I’m back from another LARP adventure – bruised, mud-splattered, thorn-stung and still wiping various colours of face paint from my eyes; but guess what? I’m loving it.
This LARP business is fast becoming an obsession for me. When I first dipped my proverbial toe into the world of Durholme and its surrounding environs it was an incredibly strange experience. Though it was definitely entertaining I still felt overwhelmed by and separate from the action, like a cinema-goer who’s wandered through the invisible barrier of the screen. At first all I could do was gawp. Now I’m finding my feet and getting into it a little bit more, I can honestly say there’s nothing quite like LARP for filling your Saturdays.
Two weeks ago Sable returned to Durholme and went on an expedition into the surrounding area of Rovac, in which she met the True Elves of the Hidden Valley, helped to free them from the tyranny of invading dwarves and tried her best not to get killed. Climbing up and down the wooded hills surrounding Durham, I must admit I was impressed by the system; a huge crowd of extras playing NPCs or ‘non-player characters’, who did their bit and then quickly ran on ahead to the next designated encounter spot, then changed character completely. The thought and depth which is ploughed into the game behind the scenes is staggering. Thus I was overjoyed when I arrived this morning to be told that I was to be part of the ‘monster’ crew and playing an NPC.
Last night was, well… interesting. Last week, I would never have imagined that I would spend the evening in a darkened tavern, playing a wooden board game with an orc, a warrior monk and a high priest of the Sordanite faith. We struggled to see the dice under the feeble light of a single candle. With our counters mostly captured the orc roared his approval at a game soon to be won; that is, until a cold breeze and shrill cackling on the air announced the presence of air demons! One swirled around our table and blew out our light, then disappeared into the darkness as the sound of chairs scraping backwards and swords being unsheathed left our game completely forgotten.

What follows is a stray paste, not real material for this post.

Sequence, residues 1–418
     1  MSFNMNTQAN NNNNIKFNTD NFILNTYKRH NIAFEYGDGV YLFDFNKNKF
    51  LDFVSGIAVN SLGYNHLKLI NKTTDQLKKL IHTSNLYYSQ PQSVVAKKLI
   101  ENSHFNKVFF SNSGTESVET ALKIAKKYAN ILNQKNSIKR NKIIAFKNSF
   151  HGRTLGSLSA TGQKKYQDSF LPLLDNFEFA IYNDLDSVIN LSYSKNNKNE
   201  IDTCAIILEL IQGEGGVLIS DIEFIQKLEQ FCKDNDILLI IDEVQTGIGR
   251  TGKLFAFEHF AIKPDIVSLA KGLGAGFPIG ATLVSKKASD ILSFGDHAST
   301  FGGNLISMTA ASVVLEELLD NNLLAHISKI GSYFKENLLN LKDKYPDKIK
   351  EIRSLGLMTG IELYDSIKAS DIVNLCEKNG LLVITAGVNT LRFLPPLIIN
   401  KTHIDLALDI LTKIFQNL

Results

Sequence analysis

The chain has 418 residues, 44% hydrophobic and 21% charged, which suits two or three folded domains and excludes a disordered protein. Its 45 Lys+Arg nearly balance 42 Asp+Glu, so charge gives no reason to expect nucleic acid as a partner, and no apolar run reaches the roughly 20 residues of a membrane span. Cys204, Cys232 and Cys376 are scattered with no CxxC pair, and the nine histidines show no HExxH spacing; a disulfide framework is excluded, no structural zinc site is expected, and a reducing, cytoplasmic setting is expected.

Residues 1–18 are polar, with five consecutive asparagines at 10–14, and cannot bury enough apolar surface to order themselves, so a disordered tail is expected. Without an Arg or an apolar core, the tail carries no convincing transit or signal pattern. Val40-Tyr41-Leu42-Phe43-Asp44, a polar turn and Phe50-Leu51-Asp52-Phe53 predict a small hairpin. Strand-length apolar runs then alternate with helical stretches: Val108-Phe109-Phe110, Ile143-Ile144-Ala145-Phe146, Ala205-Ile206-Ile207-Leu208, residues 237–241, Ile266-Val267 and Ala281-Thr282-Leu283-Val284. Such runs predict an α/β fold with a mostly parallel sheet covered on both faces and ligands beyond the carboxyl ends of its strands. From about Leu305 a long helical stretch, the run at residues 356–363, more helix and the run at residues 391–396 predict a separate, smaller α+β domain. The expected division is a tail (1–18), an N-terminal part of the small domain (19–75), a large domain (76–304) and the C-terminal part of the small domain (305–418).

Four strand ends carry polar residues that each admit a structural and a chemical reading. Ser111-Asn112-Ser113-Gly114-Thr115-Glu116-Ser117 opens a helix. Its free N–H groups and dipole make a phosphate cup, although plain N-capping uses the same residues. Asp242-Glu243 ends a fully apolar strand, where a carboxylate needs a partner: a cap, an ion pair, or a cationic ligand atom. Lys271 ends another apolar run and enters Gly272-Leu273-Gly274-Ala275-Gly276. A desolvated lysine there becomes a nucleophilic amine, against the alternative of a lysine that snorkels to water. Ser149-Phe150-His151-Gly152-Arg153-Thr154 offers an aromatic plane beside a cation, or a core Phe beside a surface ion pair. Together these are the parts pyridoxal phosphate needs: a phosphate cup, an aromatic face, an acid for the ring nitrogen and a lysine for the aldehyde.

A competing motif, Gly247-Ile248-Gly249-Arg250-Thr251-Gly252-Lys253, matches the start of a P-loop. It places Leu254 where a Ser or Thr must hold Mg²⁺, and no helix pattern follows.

Oh, and did I mention? I was an elf.
The proceeds of one very long and fulfilling day in the land of the Prince Bishops.
“I see you’re looking at our statue. Nice, isn’t it? Perfect, so they say. Aye, it was perfect where it was, if you ask me. Stood here for well over 150 years, it has, and then they pluck it out of the ground to move it a few metres up the hill – and why? – so they can squeeze more market stalls into the square. Makes you wonder what’s more important these days, doesn’t it. All they seem to care about is making money; hundreds of years of history can go and take a hike.
But I described it as perfect, didn’t I. See that man sitting on the horse, all decked out in his hussar gear? He wasn’t even from round here. It’s a story in itself how he ended up as a statue in Durham. To cut a long story short, the guy owned some pits round here and founded Seaham port. So I guess it’s fair enough.